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Information about schmitz

Published on March 27, 2008

Author: Abigail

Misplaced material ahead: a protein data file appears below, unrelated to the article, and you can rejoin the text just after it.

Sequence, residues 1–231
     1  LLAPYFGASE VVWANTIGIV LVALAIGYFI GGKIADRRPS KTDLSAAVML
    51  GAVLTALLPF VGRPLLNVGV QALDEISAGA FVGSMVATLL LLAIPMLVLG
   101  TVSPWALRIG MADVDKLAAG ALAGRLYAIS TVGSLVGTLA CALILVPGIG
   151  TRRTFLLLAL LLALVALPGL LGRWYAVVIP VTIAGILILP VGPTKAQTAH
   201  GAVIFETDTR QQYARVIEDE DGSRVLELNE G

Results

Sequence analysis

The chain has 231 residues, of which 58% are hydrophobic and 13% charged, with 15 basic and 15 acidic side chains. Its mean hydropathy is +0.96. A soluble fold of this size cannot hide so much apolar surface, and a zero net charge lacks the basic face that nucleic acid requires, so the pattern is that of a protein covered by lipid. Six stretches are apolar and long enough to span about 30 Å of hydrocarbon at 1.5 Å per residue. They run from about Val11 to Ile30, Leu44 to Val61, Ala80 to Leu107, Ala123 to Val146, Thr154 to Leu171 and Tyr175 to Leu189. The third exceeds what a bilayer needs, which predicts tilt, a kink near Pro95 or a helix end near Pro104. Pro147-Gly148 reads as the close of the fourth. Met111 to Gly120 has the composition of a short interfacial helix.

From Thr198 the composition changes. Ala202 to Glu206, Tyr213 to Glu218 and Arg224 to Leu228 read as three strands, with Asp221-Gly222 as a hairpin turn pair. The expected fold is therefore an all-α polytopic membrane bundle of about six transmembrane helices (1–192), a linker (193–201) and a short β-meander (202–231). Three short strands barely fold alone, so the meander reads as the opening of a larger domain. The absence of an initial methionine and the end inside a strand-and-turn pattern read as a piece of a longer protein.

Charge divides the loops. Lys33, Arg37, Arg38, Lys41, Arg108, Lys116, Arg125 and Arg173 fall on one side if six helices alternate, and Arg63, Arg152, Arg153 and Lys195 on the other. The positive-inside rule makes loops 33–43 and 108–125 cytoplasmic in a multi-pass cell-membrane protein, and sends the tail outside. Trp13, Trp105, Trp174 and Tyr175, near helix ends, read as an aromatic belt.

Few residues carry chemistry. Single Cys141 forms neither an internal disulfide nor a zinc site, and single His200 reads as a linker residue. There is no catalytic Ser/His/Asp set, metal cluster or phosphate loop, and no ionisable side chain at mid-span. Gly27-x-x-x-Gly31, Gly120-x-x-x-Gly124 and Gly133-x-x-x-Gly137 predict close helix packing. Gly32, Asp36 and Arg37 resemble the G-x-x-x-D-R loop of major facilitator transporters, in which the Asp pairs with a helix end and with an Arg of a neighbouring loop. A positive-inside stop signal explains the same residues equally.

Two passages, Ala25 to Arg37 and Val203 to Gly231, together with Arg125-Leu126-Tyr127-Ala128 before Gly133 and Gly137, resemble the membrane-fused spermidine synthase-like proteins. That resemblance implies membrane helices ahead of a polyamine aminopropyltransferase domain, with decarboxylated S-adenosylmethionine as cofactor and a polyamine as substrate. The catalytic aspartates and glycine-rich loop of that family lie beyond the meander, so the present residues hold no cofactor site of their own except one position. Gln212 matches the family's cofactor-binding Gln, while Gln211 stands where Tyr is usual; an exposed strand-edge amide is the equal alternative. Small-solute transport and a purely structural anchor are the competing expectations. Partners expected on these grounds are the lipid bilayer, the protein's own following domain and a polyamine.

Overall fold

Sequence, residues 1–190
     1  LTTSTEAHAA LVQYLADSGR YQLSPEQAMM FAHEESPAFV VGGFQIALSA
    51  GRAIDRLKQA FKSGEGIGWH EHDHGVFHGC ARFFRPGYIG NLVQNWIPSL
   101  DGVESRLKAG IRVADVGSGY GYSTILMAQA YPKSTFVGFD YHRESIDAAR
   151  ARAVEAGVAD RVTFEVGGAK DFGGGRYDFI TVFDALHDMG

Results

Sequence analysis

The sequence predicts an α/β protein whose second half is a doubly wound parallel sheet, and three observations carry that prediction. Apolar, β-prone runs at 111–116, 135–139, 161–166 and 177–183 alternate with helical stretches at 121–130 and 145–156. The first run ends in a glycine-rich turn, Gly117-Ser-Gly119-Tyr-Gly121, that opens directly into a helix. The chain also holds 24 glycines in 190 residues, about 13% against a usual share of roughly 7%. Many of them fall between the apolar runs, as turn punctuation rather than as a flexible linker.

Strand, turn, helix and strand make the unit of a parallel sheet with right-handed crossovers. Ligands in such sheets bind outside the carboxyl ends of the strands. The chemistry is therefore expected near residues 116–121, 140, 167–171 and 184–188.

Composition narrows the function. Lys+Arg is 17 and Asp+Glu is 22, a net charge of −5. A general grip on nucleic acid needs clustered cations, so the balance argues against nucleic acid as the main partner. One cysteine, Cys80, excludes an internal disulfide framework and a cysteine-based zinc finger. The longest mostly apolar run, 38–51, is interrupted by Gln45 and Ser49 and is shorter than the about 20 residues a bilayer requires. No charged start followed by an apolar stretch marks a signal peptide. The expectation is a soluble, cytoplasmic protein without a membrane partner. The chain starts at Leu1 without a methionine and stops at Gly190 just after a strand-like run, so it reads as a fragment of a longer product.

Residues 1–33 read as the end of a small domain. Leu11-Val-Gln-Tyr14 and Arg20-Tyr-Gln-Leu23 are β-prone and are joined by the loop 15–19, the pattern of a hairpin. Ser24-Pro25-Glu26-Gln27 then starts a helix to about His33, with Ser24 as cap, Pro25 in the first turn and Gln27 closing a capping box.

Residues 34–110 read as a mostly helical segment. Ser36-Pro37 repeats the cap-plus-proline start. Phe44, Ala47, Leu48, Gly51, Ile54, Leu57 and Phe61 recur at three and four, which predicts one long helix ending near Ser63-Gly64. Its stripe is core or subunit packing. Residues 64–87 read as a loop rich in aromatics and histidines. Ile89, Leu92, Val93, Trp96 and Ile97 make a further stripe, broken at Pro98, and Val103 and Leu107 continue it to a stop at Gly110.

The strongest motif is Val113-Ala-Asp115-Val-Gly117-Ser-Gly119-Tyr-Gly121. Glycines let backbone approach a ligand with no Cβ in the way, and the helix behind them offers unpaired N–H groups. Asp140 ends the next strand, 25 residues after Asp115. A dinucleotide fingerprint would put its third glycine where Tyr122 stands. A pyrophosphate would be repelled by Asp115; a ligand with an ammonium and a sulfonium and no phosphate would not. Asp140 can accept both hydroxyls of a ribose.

Implementing the National Strategy for Pandemic Influenza :  Implementing the National Strategy for Pandemic Influenza Francis Schmitz Crisis Management Coordinator Counterterrorism Section U. S. Department of Justice September 6, 2006 THE FOLLOWING IS AN EXERCISE SCENARIO::  THE FOLLOWING IS AN EXERCISE SCENARIO: Slide3:  December 4 First signs of outbreak Thailand confirms an outbreak of severe respiratory illness in a village 30 kilometers from Bangkok. December 8 Confirmation CDC confirms the presence of H5N1 influenza from specimens collected at the Thai village. December 9 Initial international reaction WHO raises the pandemic phase to the highest alert level (Phase 5) Warns that a global pandemic is likely. Desire for antivirals cause unrest in Thailand. Financial markets around the world reflect deep concerns. Emergence of a Pandemic Virus; Confirmed Cases in Asia Slide4:  And three months later Slide5:  March 8 State and local responses conflicted and varied Staff shortages in medical, police, fire and transportation. Governors call for National Guard, Federal assistance. March 15 Terror and uncertainty grip millions in US Public order reported broken down in several cities Acute manpower shortages in all federal departments. Pandemic in the United States Reported as of: 15 March 2006 Worldwide Cases: 537 million Worldwide Deaths: 21.4 million U.S. Cases: 4,826,294 U.S. Deaths: 96,064 Federal Government Goals:  Federal Government Goals Stop, slow, or otherwise limit the spread of a pandemic to the United States Limit the domestic spread of a pandemic, and mitigate disease, suffering, and death Sustain infrastructure and mitigate impact to the economy and the functioning of society National Strategy for Pandemic Influenza Implementation Plan We Want to Minimize Death and Suffering in a Pandemic:  We Want to Minimize Death and Suffering in a Pandemic Closing schools Keeping kids and teens at home Social distancing at work and in the community Isolating ill individuals and voluntary home quarantine of household contacts Treating the ill and providing targeted antiviral prophylaxis to household contacts Implementing measures in a uniform way as early as possible during community outbreaks Containment May Be Possible:  Failed containment may still delay international spread by 1 month Severe travel restrictions may delay U.S. cases by 1-4 weeks Border screening difficult because persons may transmit infection before they develop illness Without intervention, expect international spread in 1 month and U.S. cases in 1 to 2 months. Containment May Be Possible Implications of Influenza Natural History:  Implications of Influenza Natural History Disease may be spread by asymptomatically infected persons. Given 2 days from infection until illness, most asymptomatic infected people who get on an airplane still will be asymptomatic when they get off. Potential Tools in Our Toolbox:  Potential Tools in Our Toolbox Our best countermeasure – vaccine – will probably be unavailable during the first wave of a pandemic. (The current process starts in January each year and vaccinations start in the fall.) The supply of antiviral medications is limited Infection control and social distancing measures Infection Control / Social Distancing Measures:  Infection Control / Social Distancing Measures Transmission Interventions (Infection Control) Facemasks Cough etiquette Hand hygiene Isolation of ill individuals Quarantine of contacts Contact Interventions (Social Distancing) School closure Cancellation of mass gatherings Alternatives to face-to-face contact at work 1918 Outcomes by City:  1918 Outcomes by City Death rate from influenza and pneumonia / 1000 population: "Causes of Geographical Variation in the Influenza Epidemic of 1918 in the Cities of the United States," Bulletin of the National Research Council, July, 1923, p.29. The Wave:  The Wave 1. Delay disease transmission and outbreak peak 2. Decompress peak burden on healthcare infrastructure 3. Diminish overall cases and health impacts Slide14:  Weekly mortality data provided by Marc Lipsitch (personal communication) Slide15:  Mayor closes “theaters, moving picture shows, schools, pool and billiard halls, Sunday schools, cabarets, lodges, societies, public funerals, open air meetings, dance halls and conventions until further notice” Closing order withdrawn Estimated attack rate before interventions: 2.2% Slide16:  3.7%* Estimated attack rate before interventions: Theaters, saloons closed* Sports suspended Churches closed Schools, libraries closed The National Strategy:  The National Strategy Announced by the President on November 1, 2005 Emergency budget request for pandemic preparedness, totaling $7.1 billion Liability protection for pandemic vaccine manufacturers Launch of “” HHS Plan released on November 2 Pillars of the Strategy:  Pillars of the Strategy Preparedness and Communication Surveillance and Detection Response and Containment Chapter 2: Federal Government Bears Primary Responsibility for Critical Functions :  Chapter 2: Federal Government Bears Primary Responsibility for Critical Functions Support of containment functions overseas Guidance on protective measures Procurement and distribution of countermeasures (e.g., vaccine, antivirals) Acceleration of research and development Modification to monetary policy to mitigate economic impact Modification of law or regulations to facilitate response Chapter 3: U.S. Government Response:  Chapter 3: U.S. Government Response New Animal Outbreaks in Previously Unaffected Countries: Monitor, Support Response Suspected Human-to-Human Outbreak Overseas: Investigate, Confirm or Refute, Support Response Confirmed Human-to-Human Outbreak Overseas: Support Containment, Limit Ports of Entry, Implement Layered Protective Measures Widespread Outbreaks Overseas: Ensure Earliest Warning of First Cases in U.S., Activate Domestic Emergency Medical Personnel Plans First Case in North America (U.S.): Activate Pandemic Plans, Limit Non-Essential Travel, Use Antivirals (and Pandemic Vaccine when Available) Spread within U.S.: Sustain Infrastructure, Evaluate Epidemiology, Give Guidance to Communities Chapter 4: International Considerations Prevent and Contain Outbreaks Abroad:  Chapter 4: International Considerations Prevent and Contain Outbreaks Abroad Global Threat: Outbreak anywhere threatens populations everywhere. International efforts to fight PI essential. Best Line of Defense: Contain AI outbreaks in animals, educate now to prevent animal to human transmission, prepare now to contain any human to human outbreaks. Build National Capacity: Help countries at risk strengthen ability to prevent, detect, respond to, contain suspected outbreaks Build International Capacity: Strengthen international health organizations’ ability to respond rapidly to outbreaks and to help countries at risk build capacity Support Coordinated International Response: Coordinate assistance/rapid response support to at risk countries; encourage cross-border cooperation to prevent/contain outbreaks Chapter 5: Transportation and Borders Ports of Entry and Transportation are Key Elements of a Comprehensive Strategy:  Chapter 5: Transportation and Borders Ports of Entry and Transportation are Key Elements of a Comprehensive Strategy Border Actions: May provide an opportunity to slow a pandemic, but will not prevent it. Screening: Sheer volume of traffic and difficulty of developing screening protocols to detect an influenza-like illness pose significant challenges. Domestic Containment: Measures are most effective if part of a comprehensive strategy that includes infection control, social distancing, isolation, vaccination & treatment. Critical Services: Sustaining critical transportation services during a pandemic will be vital to keep communities functioning and essential commodities moving. Chapter 6: Protecting Human Health Limiting Spread and Mitigating Illness:  Chapter 6: Protecting Human Health Limiting Spread and Mitigating Illness Detection: Human outbreaks must be identified as early as possible and containment attempted; if containment fails, spread must be delayed Containment: Communities and individuals must have clear guidance from government as to how to employ community containment measures. Vaccine: The capability to rapidly produce effective vaccine must be assured. Treatment: Antiviral countermeasures must be stockpiled and hospitals must prepare for severe surges in demand for services Chapter 7: Protecting Animal Health Limiting Introduction and Spread of Avian Influenza in Birds:  Chapter 7: Protecting Animal Health Limiting Introduction and Spread of Avian Influenza in Birds Track the Virus: Detect Avian Influenza with Pandemic Potential in Wild and Domesticated Birds Stop Animal Disease: Decrease the Spread of Avian Influenza by Culling Infected Flocks and Practicing Biosecurity Know the Virus: Increase Scientific Knowledge through Research and Development in order to Combat the Virus Stop Human Disease: Decrease Human Infections from Animals by Reducing High Risk Animal-Human Interactions Chapter 8: Public Safety and Security State, local, tribal, and private sectors have primary responsibility :  Chapter 8: Public Safety and Security State, local, tribal, and private sectors have primary responsibility First responders are generally state and local, with help from state National Guard if needed Federal resources may provide support to address civil disturbances and breakdowns in public order beyond state and local control Federal resources may be available to help enforce quarantines and other public health measures upon state request Law enforcement planning should involve review of legal authorities, training, exercising, and coordination with public health officials Develop Plans for Law Enforcement and Public Safety:  Develop Plans for Law Enforcement and Public Safety Ensure that federal, state and local pandemic response plans address the full range of consequences, including human and animal health, security, transportation, economic, trade and infrastructure Develop and exercise response plans to be conducted with law enforcement and health officials at all levels Assist court personnel in developing plans for continuity of functions Advise Governors on process for requesting emergency law enforcement assistance, and military assistance, including under the Insurrection Act Provide guidance on preventive and containment measures Develop countermeasure distribution mechanisms Engage in contingency planning for maintaining essential operations Chapter 9: Protecting Personnel and Ensuring Continuity of Operations:  Chapter 9: Protecting Personnel and Ensuring Continuity of Operations Sustaining Critical Infrastructure: Primary impact related health of workforce Maintaining Business Continuity: Organizations may need to rearrange priorities rather than terminating daily operations or focusing on essential functions Protecting the Health of the Workforce: Thorough application of infection control measures remains the key to limiting transmission and delaying spread. Department Plans:  Department Plans Protecting the Health of Employees Maintaining Essential Functions and Services Supporting the Federal Response and States and Communities Communicating to Stakeholders State and Local Pandemic Influenza Planning Checklist:  State and Local Pandemic Influenza Planning Checklist Community Leadership and Networking Surveillance Health System Partnerships Infection Control and Clinical Care Vaccine Distribution and Use Antiviral Drug Distribution and Use Community Disease Control and Prevention Workforce Support Communications Pandemic Influenza Checklists: Pandemic Influenza Checklists State and Local Business Preschool Schools (K-12) Colleges & Universities Faith-based & Community Organizations Physician Offices and Ambulatory Care Home Health Emergency Medical Services Travel Industry Law Enforcement (being drafted) Slide32:  Francis Schmitz DOJ Counterterrorism Section Crisis Management Coordinator Email: Phone: 202-514-1072 Contact information: